“My lord, you must tell us where the body is, and go with us to the King,” Rosencrantz said.

“The body is with the King, but the King is not with the body,” Hamlet said.

Hamlet meant more than one thing here.

First, Polonius’ physical body was with King Claudius because it was in the King’s castle, but King Claudius was not with Polonius’ body because Polonius’ spiritual body was in Heaven.

Second, King Claudius’ physical body was with him, but the body politic — what makes a King a true King — was not with him.

Hamlet added, “The King is a thing —”

Guildenstern exclaimed, “A thing, my lord!”

Hamlet continued, “— of nothing. Take me to him.”

He then shouted, “Hide, fox, and all after!”

He ran off, and Rosencrantz and Guildenstern ran after him.


Copyright by Bruce D. Bruce; All Rights Reserved


Edgar Lee Masters: A. D. Blood and Dora Williams and Mrs. Williams (Spoon River Anthology)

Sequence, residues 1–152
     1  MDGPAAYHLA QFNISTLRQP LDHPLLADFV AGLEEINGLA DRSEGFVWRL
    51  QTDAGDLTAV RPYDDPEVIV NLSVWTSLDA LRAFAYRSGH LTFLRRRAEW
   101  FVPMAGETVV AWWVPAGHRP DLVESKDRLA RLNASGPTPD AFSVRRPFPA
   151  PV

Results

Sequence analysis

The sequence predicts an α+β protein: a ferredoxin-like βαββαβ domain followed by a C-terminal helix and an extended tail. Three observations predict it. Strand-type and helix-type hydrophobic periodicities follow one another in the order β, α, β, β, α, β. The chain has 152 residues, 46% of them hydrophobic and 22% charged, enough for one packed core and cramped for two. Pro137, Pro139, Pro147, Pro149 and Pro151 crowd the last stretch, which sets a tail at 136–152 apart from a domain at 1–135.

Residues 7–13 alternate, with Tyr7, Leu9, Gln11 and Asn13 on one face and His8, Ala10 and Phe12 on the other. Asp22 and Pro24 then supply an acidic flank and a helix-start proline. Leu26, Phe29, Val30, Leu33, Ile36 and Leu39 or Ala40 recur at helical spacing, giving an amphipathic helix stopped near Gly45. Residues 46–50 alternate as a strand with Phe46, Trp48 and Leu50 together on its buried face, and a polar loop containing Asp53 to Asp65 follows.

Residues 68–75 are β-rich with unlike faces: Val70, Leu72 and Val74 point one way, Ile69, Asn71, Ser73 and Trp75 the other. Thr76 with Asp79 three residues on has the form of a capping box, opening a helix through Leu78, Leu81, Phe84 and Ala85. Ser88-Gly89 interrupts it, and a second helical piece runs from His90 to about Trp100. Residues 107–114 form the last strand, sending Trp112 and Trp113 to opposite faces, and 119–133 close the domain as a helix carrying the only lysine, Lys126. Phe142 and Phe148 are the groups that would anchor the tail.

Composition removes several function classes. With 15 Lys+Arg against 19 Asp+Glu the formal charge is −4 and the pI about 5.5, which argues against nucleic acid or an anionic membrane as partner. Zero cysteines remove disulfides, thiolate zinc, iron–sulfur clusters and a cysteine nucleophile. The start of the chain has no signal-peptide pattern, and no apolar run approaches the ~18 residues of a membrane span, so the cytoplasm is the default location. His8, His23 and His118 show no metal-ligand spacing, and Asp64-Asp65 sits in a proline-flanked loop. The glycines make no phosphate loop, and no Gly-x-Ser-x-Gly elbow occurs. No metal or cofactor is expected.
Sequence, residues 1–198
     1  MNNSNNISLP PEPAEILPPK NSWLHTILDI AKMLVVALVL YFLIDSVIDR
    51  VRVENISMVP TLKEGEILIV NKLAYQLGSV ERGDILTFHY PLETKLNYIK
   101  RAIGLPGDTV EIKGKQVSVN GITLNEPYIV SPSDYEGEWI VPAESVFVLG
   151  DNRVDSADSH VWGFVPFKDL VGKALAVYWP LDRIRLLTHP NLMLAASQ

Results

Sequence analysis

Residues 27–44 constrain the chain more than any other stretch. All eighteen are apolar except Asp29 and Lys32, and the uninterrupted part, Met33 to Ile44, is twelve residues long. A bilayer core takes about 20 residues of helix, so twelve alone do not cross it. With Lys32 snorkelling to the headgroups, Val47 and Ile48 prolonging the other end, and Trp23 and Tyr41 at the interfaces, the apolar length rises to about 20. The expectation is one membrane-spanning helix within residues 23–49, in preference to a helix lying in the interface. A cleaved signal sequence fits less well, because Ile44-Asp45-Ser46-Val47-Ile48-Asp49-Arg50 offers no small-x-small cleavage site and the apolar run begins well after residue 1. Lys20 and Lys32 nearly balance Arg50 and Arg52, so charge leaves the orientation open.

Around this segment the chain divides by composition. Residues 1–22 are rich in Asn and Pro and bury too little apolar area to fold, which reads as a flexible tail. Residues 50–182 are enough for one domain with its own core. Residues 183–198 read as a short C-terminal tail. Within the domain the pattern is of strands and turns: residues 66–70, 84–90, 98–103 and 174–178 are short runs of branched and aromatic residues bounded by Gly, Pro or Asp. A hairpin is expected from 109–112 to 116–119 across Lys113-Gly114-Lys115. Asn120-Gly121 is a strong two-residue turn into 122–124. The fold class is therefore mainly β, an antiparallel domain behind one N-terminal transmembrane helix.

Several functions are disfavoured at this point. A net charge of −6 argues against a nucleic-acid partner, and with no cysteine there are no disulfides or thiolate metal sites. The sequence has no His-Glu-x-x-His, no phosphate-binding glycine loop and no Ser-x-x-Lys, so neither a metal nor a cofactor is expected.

A. D. Blood

IF YOU in the village think that my work was a good one,
Who closed the saloons and stopped all playing at cards,
And haled old Daisy Fraser before Justice Arnett,
In many a crusade to purge the people of sin;
Why do you let the milliner’s daughter Dora,
And the worthless son of Benjamin Pantier
Nightly make my grave their unholy pillow?


Dora Williams

WHEN Reuben Pantier ran away and threw me
I went to Springfield. There I met a lush,
Whose father just deceased left him a fortune.
He married me when drunk.
My life was wretched.
A year passed and one day they found him dead.
That made me rich. I moved on to Chicago.
After a time met Tyler Rountree, villain.
I moved on to New York. A gray-haired magnate
Went mad about me—so another fortune.
He died one night right in my arms, you know.
(I saw his purple face for years thereafter. )
There was almost a scandal.
I moved on, This time to Paris. I was now a woman,
Insidious, subtle, versed in the world and rich.
My sweet apartment near the Champs Elysees
Became a center for all sorts of people,
Musicians, poets, dandies, artists, nobles,
Where we spoke French and German, Italian, English.
I wed Count Navigato, native of Genoa.
We went to Rome. He poisoned me, I think.
Now in the Campo Santo overlooking
The sea where young Columbus dreamed new worlds,
See what they chiseled: “Contessa Navigato
Implora eterna quiete.”

NOTE: The inscription means “Contessa Navigato asks for eternal peace.”


Mrs. Williams

I WAS the milliner
Talked about, lied about,